Its central theme-sadomasochism-would be interrogated through conflicting inquiries into “violent images of sexuality” as they manifested themselves in film, fashion, art, and music. To my sixteen-year-old eyes (and mind), ZG`s “sadomasochism” issue was incendiary. It opened with “Mistaken Identities,” Dick Hebdige`s account-interwoven with a textual collage of contemporary news reports-of the brutal and sordid death of Sex Pistol Sid Vicious`s muse and partner in crime, Nancy Spungen.

Mar 162014
 

Mileaf, Janine. Please Touch: Dada & Surrealist Objects After The Readymade. Dartmouth College Press, 2010

As I’ve observed before, there’s a relative lacuna in BDSM history, between the Victorians and the post-WWII era. The first half of the 20th century is relatively undocumented, though I have found a few exceptions.

Man Ray, Woman in Bondage, c1930

Man Ray, Woman in Bondage, c1930

Artist and photographer Man Ray made several sadomasochistic photos in his career in the 1920s and 1930s. He was also a devotee of the works of the Marquis de Sade, and made portraits of the Marquis. Man Ray was one of many artists of the time interested in “the primitive”, taking inspiration from aboriginal people around the world, and seeking truth through extreme mental and physical states.

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Feb 162014
 

The Kink Realm has a list of daily links for February 2013 and February 2014, on the history of black people in BDSM, including profiles of Viola Johnson and Mollena Williams, discussions of the issues of bottoms with darker skin, Marvin Gaye’s little-known song “Masochistic Beauty”, and more.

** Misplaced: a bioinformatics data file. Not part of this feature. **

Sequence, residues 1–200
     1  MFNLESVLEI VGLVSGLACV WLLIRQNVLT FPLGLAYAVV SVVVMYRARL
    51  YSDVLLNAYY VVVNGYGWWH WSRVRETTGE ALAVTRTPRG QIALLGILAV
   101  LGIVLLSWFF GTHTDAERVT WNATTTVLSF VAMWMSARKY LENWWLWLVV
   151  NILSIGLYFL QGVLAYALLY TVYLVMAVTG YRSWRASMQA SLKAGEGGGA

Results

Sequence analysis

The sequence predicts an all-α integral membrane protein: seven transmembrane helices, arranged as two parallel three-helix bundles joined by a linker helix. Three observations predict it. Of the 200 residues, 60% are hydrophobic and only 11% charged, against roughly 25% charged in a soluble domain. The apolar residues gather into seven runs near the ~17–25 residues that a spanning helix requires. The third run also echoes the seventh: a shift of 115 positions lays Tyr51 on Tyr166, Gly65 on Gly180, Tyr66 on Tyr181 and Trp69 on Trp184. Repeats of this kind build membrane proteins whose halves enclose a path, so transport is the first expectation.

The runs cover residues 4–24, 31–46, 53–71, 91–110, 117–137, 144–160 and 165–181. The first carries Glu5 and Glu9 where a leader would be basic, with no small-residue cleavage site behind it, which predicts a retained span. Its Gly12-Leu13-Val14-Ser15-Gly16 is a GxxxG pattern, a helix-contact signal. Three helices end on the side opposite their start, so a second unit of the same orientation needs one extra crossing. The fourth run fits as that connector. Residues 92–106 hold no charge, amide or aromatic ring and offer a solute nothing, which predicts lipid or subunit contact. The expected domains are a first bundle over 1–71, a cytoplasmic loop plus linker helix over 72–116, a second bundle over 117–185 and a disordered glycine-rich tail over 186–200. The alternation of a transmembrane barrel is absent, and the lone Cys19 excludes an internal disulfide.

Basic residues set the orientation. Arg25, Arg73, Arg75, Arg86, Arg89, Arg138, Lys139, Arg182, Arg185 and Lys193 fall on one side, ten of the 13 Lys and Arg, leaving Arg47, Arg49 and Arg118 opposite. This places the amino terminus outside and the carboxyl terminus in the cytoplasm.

I hope to see posts on fetish artist Eugene Bilbrew (aka “Eneg”) and actress/singer Eartha Kitt.

Feb 142014
 

Brown, Carolyn E. “Erotic Religious Flagellation and Shakespeare’s Measure for Measure”, English Literary Renaissance, Vol.16, Iss. 1, Dec 1986

Shakespeare’s play Measure for Measure (first performed in 1604) links religious asceticism and flagellation with deviant sexuality and political tyranny. The Duke of Vienna, the judge Angelo and the novice nun Isabella claim to be pious and chaste, while their sexuality is repressed in such a way that it emerges as indifferent voyeurism, aggressive sadism or masochism, respectively. “…by drawing parallels to historical or topical events, Shakespeare suggests that the protagonists’ very asceticism, ironically, causes this deviant desire and that they associate their austere religious practices with pleasurable feelings.”

Woman in nun's habit kneels facing away from man in suit, sitting on couh

Isabella and Angelo

The plot revolves around a couple, Claudio and Juliet, who have not properly observed all the rules of engagement and marriage. While the Duke travels through Vienna in disguise as a friar, he hands power over to the judge Angelo, who decides to make an example of Claudio and condemn him to death for fornication. Claudio’s friend Lucia asks Isabella, the novice nun and Claudio’s sister, for help. Angelo offers to free Claudio in exchange for sex with Isabella.
The trio of the Duke, Angelo and Isabella are all ascetics (though none are actually clergy), and are hostile to sexual desires, believing that “pain kills the libido and thus subjecting themselves and others to physical abuse.”